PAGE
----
World Library  
Flag as Inappropriate
Email this Article
 

Saffarid

Template:Infobox former country/autocat
Saffarid Empire
صفاریان

 

861–1003
Ya'qub ibn al-Layth al-Saffar
Capital Zaranj
Languages Persian (mother tongue)[1]
Religion Sunni Islam
Government Monarchy
Emir
 -  861–879 Ya'qub bin Laith as-Saffar
 -  963–1002 Khalaf I
Historical era Medieval
 -  Established 861
 -  Disestablished 1003
Today part of
History of Iran
ANCIENT
Proto-Elamite 3200–2700 BCE
Elam 2700–539 BCE
Mannaeans 850–616 BCE
IMPERIAL
Median Empire 678–550 BCE
  (Scythian Kingdom 652–625 BCE)
Achaemenid Empire 550–330 BCE
Atropatene 320s BC – 3rd century AD
Seleucid Empire 312–63 BCE
Parthian Empire 247 BCE – 224 CE
Sasanian Empire 224–651
  (Dabuyid dynasty 642–759/760)
  (Paduspanids 665–1598)
  (Bavand dynasty 665–1349)
MIDDLE AGES
Umayyad Caliphate 661–750
Abbasid Caliphate 750–1258
Justanids
791–974
Samanid Dynasty
819–999
Saffarid Dynasty
867–1002
Ziyarid Dynasty
928–1043
Sallarid dynasty
941–1062
Sajid dynasty
889/890–929
Buyid Dynasty
934–1055
Ilyasids
932–968
Ghaznavid Empire 963–1186
Kakuyids 1008–1141
Great Seljuq Empire 1037–1194
Atabegs of Yazd 1141–1319
Ghurid Dynasty 1148–1215
Khwarazmian Empire 1077–1231
Mihrabanids 1236–1537
Kurt Dynasty 1244–1396
Ilkhanate Empire 1256–1335
Chobanid Dynasty
1335–1357
Muzaffarid Dynasty
1335–1393
Jalayirid Dynasty
1336–1432
Sarbadars
1337–1376
Afrasiab dynasty 1349–1504
Timurid Empire 1370–1405
Qara Qoyunlu
1406–1468
Timurid Dynasty
1405–1507
Agh Qoyunlu
1468–1508
EARLY MODERN
Safavid Empire 1501–1736
  (Hotaki Dynasty 1722–1729)
Afsharid Empire 1736–1747
Zand Dynasty
1760–1794
Afsharid Dynasty
1747–1796
Qajar Empire 1796–1925
MODERN
Pahlavi Dynasty 1925–1979
Interim Government 1979–1980
Islamic Republic 1980–present

The Saffarids (Persian: سلسله صفاریان‎) were a Muslim Persianate[2] dynasty from Sistan that ruled over parts of eastern Iran,[3][4] Khorasan, Afghanistan and Balochistan from 861 to 1003.[5] The dynasty, of Persian origin,[6][7][8][9][10][11] was founded by Ya'qub bin Laith as-Saffar, a native of Sistan and a local ayyar, who worked as a coppersmith (ṣaffār) before becoming a warlord. He seized control of the Sistan region and began conquering most of what is now Afghanistan.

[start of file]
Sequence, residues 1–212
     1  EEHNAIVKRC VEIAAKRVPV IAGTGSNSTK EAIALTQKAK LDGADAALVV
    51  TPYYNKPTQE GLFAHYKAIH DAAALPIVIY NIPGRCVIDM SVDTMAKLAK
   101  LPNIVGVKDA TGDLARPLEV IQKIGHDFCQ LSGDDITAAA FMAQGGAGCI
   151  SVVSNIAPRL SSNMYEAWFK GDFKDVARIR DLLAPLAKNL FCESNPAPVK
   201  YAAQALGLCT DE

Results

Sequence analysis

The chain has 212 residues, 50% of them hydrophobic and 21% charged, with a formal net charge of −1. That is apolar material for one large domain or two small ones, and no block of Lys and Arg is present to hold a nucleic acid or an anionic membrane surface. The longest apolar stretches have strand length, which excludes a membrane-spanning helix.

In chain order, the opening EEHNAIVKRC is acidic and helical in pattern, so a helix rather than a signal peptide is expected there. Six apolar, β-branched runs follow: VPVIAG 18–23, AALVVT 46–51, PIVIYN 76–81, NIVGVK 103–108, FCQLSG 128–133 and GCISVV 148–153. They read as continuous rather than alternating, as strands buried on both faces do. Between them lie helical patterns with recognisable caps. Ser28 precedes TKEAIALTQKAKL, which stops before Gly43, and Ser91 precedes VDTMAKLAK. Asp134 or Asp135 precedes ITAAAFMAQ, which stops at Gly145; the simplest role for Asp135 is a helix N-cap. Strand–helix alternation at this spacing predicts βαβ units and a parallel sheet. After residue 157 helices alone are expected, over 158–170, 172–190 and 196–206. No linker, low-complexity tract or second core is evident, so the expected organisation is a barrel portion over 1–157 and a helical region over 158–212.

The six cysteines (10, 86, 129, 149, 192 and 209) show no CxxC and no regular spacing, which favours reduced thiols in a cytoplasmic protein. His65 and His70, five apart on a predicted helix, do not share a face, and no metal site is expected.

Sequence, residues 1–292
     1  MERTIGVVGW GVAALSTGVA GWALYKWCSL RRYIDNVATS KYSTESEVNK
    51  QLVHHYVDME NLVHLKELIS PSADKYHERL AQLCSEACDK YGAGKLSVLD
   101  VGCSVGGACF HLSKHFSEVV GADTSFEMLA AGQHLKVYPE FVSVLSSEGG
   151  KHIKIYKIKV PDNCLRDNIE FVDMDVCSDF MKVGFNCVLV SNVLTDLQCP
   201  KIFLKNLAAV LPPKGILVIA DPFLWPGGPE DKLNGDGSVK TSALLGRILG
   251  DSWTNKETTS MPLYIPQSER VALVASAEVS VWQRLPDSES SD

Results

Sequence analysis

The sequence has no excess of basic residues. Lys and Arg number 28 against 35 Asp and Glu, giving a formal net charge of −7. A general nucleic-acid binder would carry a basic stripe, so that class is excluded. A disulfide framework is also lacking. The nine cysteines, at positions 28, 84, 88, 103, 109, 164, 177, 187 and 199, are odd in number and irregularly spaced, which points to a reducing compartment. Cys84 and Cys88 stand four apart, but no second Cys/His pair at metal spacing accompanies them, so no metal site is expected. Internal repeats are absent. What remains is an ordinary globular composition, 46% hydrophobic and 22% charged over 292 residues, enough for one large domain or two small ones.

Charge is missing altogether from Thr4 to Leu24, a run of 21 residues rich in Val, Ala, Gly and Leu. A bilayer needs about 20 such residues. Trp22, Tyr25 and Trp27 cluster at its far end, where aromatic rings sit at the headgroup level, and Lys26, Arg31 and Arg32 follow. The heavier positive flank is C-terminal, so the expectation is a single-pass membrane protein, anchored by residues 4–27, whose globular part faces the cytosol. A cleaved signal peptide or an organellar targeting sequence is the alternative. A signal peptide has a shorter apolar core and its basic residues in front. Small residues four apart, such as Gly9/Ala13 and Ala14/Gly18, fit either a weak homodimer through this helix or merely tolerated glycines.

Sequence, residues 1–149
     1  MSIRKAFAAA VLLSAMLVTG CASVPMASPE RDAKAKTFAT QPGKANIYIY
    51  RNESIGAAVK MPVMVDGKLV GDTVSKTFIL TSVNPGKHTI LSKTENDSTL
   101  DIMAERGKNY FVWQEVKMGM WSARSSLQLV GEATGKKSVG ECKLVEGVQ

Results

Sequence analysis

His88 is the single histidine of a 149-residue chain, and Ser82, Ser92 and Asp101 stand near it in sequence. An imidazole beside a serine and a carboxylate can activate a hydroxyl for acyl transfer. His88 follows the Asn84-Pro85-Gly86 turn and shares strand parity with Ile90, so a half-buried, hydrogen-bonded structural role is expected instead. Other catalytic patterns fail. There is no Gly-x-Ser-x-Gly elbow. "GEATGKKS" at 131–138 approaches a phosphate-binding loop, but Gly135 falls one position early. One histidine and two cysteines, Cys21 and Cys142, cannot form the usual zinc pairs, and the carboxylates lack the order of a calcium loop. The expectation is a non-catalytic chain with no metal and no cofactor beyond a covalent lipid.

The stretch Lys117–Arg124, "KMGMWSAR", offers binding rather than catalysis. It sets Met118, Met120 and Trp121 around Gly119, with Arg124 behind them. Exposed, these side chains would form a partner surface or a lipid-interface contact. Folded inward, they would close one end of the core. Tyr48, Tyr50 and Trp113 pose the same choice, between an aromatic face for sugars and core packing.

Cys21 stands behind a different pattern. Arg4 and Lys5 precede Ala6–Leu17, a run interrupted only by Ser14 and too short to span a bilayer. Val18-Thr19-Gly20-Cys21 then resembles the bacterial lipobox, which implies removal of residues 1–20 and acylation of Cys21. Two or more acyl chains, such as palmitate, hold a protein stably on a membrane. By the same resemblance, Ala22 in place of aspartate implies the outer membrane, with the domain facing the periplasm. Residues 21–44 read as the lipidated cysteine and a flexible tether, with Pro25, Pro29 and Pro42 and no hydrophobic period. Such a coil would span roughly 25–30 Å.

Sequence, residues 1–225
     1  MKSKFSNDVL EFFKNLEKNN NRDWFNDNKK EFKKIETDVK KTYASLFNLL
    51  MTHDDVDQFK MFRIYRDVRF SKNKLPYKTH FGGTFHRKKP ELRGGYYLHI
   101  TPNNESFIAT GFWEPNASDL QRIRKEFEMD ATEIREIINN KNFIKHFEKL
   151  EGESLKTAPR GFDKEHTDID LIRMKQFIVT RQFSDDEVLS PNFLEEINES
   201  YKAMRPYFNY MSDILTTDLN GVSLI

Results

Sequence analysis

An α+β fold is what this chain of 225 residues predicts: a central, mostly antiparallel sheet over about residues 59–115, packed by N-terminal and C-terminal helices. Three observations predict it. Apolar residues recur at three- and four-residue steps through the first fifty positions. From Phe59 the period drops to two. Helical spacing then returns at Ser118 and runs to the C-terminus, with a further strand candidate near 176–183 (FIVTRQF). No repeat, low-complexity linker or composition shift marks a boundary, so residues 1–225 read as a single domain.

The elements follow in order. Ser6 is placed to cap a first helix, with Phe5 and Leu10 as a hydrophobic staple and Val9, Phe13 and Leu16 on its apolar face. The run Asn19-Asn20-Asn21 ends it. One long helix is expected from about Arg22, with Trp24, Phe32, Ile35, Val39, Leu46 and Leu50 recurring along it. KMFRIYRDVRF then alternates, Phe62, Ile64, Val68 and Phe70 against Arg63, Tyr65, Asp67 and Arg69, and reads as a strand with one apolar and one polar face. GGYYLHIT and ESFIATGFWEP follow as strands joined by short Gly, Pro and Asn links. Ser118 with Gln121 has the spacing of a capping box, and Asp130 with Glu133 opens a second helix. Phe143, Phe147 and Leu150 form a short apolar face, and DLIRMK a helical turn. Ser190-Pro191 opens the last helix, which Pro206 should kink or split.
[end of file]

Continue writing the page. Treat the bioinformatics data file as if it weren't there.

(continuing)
The Saffarids used their capital Zaranj, which is a city in modern-day Afghanistan, as a base for an aggressive expansion eastwards and westwards. They first invaded the areas south of the Hindu Kush in Afghanistan and then overthrew the Persian Tahirid dynasty, annexing Khorasan in 873. By the time of Ya'qub's death, he had conquered the Kabul Valley, Sindh, Tocharistan, Makran (Balochistan), Kerman, Fars, Khorasan, and nearly reached Baghdad but then suffered a defeat by the Abbasids.[5]

The Saffarid empire did not last long after Ya'qub's death. His brother and successor, Amr bin Laith, was defeated at the Battle of Balkh against Ismail Samani in 900. Amr bin Laith was forced to surrender most of his territories to the new rulers. The Saffarids were subsequently confined to their heartland of Sistan, with their role reduced to that of vassals of the Samanids and their successors.

Founding

The dynasty began with Ya'qub ibn al-Layth al-Saffar (Ya'qub, son of Layth, the Coppersmith), a coppersmith who moved to the city of Zaranj. He left work to become an Ayyar and eventually got the power to act as an independent ruler. From his capital Zaranj he moved east into al-Rukhkhadj and Zamindawar followed by Zunbil and Kabul by 865. He then invaded Bamyan, Balkh, Badghis, and Ghor. In the name of Islam, he conquered these territories which were ruled mostly by Buddhist tribal chiefs. He took vast amounts of plunder and slaves from this campaign.[12][13]

"Arab armies carrying the banner of Islam came out of the west to defeat the Sasanians in 642 and then they marched with confidence to the east. On the western periphery of the Afghan area the princes of Herat and Sistan gave way to rule by Arab governors but in the east, in the mountains, cities submitted only to rise in revolt and the hastily converted returned to their old beliefs once the armies passed. The harshness and avariciousness of Arab rule produced such unrest, however, that once the waning power of the Caliphate became apparent, native rulers once again established themselves independent. Among these Saffarids of Sistan shone briefly in the Afghan area. The fanatic founder of this dynasty, the coppersmith’s apprentice Yaqub ibn Layth Saffari, came forth from his capital at Zaranj in 870 and marched through Bost, Kandahar, Ghazni, Kabul, Bamyan, Balkh and Herat, conquering in the name of Islam.".[14]